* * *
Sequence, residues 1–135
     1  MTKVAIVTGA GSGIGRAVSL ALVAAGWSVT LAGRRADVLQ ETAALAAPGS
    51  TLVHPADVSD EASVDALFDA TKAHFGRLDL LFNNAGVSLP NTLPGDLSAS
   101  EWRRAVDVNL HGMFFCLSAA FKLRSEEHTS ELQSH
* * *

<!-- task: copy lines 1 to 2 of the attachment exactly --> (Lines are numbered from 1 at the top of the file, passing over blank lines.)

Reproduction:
Sequence, residues 1–135
     1  MTKVAIVTGA GSGIGRAVSL ALVAAGWSVT LAGRRADVLQ ETAALAAPGS